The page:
78 17 53 28 22 75 31 67 15 94 03 80 04 62 16 14 09 53 56 92
16 39 05 42 96 35 31 47 55 58 88 24 00 17 54 24 36 29 85 57
86 56 00 48 35 71 89 07 05 44 44 37 44 60 21 58 51 54 17 58
19 80 81 68 05 94 47 69 28 73 92 13 86 52 17 77 04 89 55 40
04 52 08 83 97 35 99 16 07 97 57 32 16 26 26 79 33 27 98 66
88 36 68 87 57 62 20 72 03 46 33 67 46 55 12 32 63 93 53 69
04 42 16 73 38 25 39 11 24 94 72 18 08 46 29 32 40 62 76 36
20 69 36 41 72 30 23 88 34 62 99 69 82 67 59 85 74 04 36 16
20 73 35 29 78 31 90 01 74 31 49 71 48 86 81 16 23 57 05 54
01 70 54 71 99 99 99 99 16 92 33 48 61 43 52 01 89 19 67 48'''

matrix = [map(int, line.split()) for line in raw_matrix.split('\n')]

max_product = 0

for row in range(20):
    for column in range(20):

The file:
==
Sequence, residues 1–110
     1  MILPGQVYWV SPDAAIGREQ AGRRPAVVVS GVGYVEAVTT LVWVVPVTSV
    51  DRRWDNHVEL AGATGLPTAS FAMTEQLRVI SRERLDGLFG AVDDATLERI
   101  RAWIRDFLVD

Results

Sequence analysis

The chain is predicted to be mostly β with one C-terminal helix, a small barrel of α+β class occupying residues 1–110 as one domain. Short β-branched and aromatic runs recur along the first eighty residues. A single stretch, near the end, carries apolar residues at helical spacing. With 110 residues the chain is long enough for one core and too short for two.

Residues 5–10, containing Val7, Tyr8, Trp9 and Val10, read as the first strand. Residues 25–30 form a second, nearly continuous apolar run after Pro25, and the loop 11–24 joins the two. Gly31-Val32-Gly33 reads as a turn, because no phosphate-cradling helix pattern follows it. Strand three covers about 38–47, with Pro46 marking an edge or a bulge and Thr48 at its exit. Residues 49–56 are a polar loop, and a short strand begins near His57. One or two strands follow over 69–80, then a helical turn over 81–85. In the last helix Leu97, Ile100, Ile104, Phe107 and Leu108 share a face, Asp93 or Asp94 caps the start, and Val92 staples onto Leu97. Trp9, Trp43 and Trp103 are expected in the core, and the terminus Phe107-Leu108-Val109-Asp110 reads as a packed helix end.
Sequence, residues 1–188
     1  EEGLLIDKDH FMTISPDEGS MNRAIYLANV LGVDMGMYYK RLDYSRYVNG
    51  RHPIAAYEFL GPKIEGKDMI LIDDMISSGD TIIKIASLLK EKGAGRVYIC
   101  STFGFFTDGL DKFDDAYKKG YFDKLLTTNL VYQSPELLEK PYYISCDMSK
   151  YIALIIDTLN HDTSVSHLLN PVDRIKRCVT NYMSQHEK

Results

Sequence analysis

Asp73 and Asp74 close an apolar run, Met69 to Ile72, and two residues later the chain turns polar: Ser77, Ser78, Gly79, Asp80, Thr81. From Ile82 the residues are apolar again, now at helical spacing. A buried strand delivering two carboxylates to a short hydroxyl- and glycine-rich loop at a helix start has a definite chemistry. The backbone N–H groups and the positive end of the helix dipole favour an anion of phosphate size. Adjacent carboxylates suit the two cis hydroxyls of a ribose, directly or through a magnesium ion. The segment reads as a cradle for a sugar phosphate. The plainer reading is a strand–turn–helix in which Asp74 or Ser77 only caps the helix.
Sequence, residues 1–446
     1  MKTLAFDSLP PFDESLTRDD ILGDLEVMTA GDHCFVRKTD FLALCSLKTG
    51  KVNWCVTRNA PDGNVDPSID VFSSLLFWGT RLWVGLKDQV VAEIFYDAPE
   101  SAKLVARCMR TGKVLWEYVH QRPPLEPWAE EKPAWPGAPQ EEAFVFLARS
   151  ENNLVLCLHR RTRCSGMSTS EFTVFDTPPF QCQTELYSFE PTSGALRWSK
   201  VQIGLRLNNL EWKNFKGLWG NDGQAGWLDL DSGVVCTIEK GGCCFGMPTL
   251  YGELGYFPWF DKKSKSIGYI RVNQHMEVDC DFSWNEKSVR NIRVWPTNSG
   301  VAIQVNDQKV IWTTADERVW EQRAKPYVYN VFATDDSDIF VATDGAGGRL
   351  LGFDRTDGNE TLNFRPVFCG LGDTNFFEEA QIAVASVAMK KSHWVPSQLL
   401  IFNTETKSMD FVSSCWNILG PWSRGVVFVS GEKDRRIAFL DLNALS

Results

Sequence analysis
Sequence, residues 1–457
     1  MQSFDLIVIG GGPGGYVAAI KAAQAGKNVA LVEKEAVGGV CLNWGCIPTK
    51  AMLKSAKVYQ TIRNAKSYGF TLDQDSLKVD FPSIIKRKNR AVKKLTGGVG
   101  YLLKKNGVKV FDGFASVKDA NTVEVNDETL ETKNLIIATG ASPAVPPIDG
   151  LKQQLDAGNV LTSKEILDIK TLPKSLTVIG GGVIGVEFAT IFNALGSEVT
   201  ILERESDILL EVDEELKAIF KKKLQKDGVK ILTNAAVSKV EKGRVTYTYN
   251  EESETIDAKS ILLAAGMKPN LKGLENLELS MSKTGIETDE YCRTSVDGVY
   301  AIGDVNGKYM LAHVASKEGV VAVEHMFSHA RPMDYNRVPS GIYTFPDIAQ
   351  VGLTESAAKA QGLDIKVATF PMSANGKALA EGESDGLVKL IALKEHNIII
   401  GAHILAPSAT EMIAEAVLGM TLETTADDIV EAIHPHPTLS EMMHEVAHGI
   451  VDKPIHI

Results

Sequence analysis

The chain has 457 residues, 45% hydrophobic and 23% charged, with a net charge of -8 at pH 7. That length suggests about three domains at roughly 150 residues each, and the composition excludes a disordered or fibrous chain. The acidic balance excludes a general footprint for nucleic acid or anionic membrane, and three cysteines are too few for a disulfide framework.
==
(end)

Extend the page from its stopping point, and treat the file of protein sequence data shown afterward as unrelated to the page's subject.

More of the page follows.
for direction in ((0,1), (1,0), (1,1), (-1,-1)):
            try:
                product = 1
                for l in range(4):
                    product *= matrix[row + direction[0]*l][column + direction[1]*l]
                if product > max_product:
                    max_product = product
            except IndexError:
                pass

print max_product
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  • 1
    \$\begingroup\$ Welcome to code review! Remember to avoid except: it will swallow any exception \$\endgroup\$ – Caridorc Sep 3 '15 at 13:29
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    \$\begingroup\$ @Caridorc Changed it to except IndexError:. I was mostly trying to demonstrate a functional solution and was not really paying attention to style. \$\endgroup\$ – Jakube Sep 3 '15 at 13:33
  • \$\begingroup\$ Sadly this does not produce the right answer according to the Project Euler site. \$\endgroup\$ – chicks Nov 10 '15 at 20:22
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    \$\begingroup\$ @chicks The matrix I used is not exactly the same matrix as in Project Euler. I modified the last row a little bit. Basically I wanted to show off a test case, that the OP's code was unable to find. \$\endgroup\$ – Jakube Nov 10 '15 at 20:30